For several years discussions and measures aiming for enhancing security and fighting terrorism claimed that it was a necessity to balance individual rights and security, implicating that the freedom of individuals opposes the needs of combating terrorism and law enforcement.The Economist this week published Learning to live with Big Brother, the second article in a series on surveillance and privacy (my emphasis):
A report submitted by Europol provides figures on terrorism in the EU. According to the “TE-SAT 2007, EU Terrorism and Trend Report 2007” a total of 498 attacks were carried out in 2006 in the EU, of which the vast majority were not intended to kill.
“There were no successful Islamist terrorist attacks in the EU in 2006. However, a coordinated but ultimately failed attack aimed at mass casualties took place in Germany. The vast majority of terrorist attacks were perpetrated by separatist terrorist groups targeting France and Spain. In France, 283 attacks took place in Corsica in 2006. In Spain, despite the truce declared by ETA in March 2006, separatist groups perpetrated 136 attacks, mainly in the Basque region. Only the attack at the Madrid airport on 30 December 2006 resulted in casualties.”
According to the report the remaining attacks were left- or right-wing-motivated or driven by other/not given motivation.
The number of arrested suspects differs from these figures. A total of 706 individuals suspected of terrorism offences were arrested, of which 257 arrested individuals were suspected of Islamist, 226 of separatist, 52 of left wing and 15 of right wing terror. With regard to the approximately 260 arrests related to Islamist terror “[l]ess than ten percent of the arrested individuals were suspected of preparation, planning or execution of terrorist attacks. [...] The vast majority of the arrested individuals were suspected of being members of a terrorist organisation. Other frequent criminal activities were financing of terrorism and facilitation.”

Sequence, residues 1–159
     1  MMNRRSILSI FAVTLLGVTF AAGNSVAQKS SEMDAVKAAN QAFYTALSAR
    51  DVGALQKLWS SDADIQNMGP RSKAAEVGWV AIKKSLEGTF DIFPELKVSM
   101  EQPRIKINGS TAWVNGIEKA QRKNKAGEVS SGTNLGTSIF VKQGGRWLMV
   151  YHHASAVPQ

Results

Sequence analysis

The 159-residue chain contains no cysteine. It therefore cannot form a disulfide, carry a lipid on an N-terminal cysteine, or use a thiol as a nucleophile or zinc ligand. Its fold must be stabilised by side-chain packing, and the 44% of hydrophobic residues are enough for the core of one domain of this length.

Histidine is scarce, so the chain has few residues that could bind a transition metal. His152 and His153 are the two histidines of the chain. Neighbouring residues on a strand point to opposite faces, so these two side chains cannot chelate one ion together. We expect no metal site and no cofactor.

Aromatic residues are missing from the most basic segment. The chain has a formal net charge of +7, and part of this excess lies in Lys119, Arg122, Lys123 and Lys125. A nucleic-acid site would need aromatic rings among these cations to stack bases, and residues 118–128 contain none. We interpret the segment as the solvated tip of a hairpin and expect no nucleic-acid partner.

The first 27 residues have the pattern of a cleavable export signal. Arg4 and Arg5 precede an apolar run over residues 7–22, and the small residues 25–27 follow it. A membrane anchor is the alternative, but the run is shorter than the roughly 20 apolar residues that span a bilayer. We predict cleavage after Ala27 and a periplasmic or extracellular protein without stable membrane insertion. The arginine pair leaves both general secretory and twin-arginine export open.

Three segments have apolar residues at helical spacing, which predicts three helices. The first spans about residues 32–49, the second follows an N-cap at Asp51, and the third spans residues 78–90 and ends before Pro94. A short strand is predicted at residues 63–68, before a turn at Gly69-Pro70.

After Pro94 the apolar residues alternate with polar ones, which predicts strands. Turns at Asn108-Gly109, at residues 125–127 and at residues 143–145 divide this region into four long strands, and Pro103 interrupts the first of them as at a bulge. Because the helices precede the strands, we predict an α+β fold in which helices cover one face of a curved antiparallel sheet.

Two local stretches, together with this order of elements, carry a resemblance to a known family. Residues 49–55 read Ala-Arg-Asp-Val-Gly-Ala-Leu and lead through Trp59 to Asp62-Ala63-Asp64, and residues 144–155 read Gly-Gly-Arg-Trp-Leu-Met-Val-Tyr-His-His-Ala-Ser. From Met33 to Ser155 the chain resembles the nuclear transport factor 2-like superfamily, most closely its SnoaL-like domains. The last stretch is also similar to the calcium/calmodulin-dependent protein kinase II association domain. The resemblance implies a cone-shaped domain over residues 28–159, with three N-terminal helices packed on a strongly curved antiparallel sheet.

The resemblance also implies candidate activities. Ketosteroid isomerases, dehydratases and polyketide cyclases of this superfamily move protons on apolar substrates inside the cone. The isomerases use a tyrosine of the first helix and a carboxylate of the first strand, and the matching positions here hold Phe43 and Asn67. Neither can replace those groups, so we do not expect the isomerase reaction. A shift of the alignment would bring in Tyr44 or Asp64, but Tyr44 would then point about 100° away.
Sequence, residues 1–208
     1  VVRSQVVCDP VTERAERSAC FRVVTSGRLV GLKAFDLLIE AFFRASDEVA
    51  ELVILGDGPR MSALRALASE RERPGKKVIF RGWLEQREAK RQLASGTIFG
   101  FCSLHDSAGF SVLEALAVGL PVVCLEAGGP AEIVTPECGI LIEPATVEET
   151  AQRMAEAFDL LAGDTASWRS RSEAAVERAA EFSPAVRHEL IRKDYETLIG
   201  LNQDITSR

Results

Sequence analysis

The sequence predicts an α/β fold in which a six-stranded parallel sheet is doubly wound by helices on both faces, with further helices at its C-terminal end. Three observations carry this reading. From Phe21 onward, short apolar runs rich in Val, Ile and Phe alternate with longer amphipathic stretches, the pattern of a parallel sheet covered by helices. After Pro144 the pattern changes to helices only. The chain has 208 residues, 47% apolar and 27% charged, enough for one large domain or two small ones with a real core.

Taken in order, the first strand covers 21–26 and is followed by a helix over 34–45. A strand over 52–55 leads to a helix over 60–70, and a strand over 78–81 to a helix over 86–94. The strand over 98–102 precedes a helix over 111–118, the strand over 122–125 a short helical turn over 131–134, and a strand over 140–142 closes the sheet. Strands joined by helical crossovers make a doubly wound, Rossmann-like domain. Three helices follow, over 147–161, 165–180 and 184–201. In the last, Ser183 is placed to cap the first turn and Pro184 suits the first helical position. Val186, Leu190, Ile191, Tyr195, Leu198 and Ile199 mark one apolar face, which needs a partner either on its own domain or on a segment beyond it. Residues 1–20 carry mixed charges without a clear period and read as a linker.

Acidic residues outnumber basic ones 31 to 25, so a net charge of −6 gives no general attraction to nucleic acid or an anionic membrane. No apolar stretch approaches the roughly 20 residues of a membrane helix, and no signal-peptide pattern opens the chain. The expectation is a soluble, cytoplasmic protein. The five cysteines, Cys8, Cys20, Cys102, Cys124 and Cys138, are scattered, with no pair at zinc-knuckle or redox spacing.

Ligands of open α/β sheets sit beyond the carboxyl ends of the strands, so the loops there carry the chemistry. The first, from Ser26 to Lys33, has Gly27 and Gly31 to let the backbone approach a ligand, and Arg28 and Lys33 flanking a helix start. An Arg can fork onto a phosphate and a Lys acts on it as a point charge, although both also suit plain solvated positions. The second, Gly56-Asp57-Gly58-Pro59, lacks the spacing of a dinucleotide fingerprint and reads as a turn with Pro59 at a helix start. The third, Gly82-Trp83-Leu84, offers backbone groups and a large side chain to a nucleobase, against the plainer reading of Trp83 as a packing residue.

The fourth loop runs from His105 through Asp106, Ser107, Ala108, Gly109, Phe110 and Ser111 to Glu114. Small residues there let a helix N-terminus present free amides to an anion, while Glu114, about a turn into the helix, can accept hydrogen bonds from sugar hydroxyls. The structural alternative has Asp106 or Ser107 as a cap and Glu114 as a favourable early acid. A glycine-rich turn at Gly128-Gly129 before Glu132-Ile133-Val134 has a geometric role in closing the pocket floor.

The figures of the Europol report make clear that terrorism in the EU is mainly driven by separatists in France and Spain and focussing on Corsica and the Basque region. Of the relatively large number of arrests related to Islamic terror only less than 26 individuals were suspected of preparation, planning or execution of terrorist attacks. On the other hand we had and still have to face a series of measures, limiting the freedom of individuals and infringing with human rights, arguing this to be necessary to fight terrorism.
Britain used to pride itself on respecting privacy more than most other democracies do. But there is not much objection among Britons as “talking” surveillance cameras, fitted with loudspeakers, are installed, enabling human monitors to shout rebukes at anyone spotted dropping litter, relieving themselves against a wall or engaging in other “anti-social” behaviour [...]
With an estimated 5m CCTV cameras in public places, nearly one for every ten inhabitants, England and Wales are among the most closely scrutinised countries in the world [...] Few seem to mind, despite research suggesting that CCTV does little to deter overall crime. [...]
Britain has long permitted the “warrantless” eavesdropping of its citizens (only the home secretary's authorisation is required), and few people appear to mind [...]
Ross Anderson, a professor at Cambridge University in Britain, has compared the present situation to a “boiled frog”—which fails to jump out of the saucepan as the water gradually heats. If liberty is eroded slowly, people will get used to it. He added a caveat: it was possible the invasion of privacy would reach a critical mass and prompt a revolt.
If there is not much sign of that in Western democracies, this may be because most people rightly or wrongly trust their own authorities to fight the good fight against terrorism, and avoid abusing the data they possess. The prospect is much scarier in countries like Russia and China, which have embraced capitalist technology and the information revolution without entirely exorcising the ethos of an authoritarian state where dissent, however peaceful, is closely monitored.
On the face of things, the information age renders impossible an old-fashioned, file-collecting dictatorship, based on a state monopoly of communications. But imagine what sort of state may emerge as the best brains of a secret police force—a force whose house culture treats all dissent as dangerous—perfect the art of gathering and using information on massive computer banks, not yellowing paper.
Refuse the war against a noun and what is done in its name. Demand human rights. Refuse to be terrorised, and prevent the situation getting worse (block any further extension of the pre-charge detention period).